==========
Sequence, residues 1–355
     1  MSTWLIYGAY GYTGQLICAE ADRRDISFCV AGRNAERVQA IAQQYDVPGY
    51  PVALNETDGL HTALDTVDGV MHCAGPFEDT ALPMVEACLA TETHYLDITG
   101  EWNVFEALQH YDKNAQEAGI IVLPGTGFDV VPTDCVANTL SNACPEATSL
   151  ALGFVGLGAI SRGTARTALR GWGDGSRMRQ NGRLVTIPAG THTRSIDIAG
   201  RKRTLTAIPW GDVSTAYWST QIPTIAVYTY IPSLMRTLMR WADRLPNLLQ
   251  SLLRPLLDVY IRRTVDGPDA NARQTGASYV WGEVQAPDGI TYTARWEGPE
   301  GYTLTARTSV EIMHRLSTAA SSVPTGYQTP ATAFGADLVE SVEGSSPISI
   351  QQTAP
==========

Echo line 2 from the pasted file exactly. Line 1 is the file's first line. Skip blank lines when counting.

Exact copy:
     1  MSTWLIYGAY GYTGQLICAE ADRRDISFCV AGRNAERVQA IAQQYDVPGY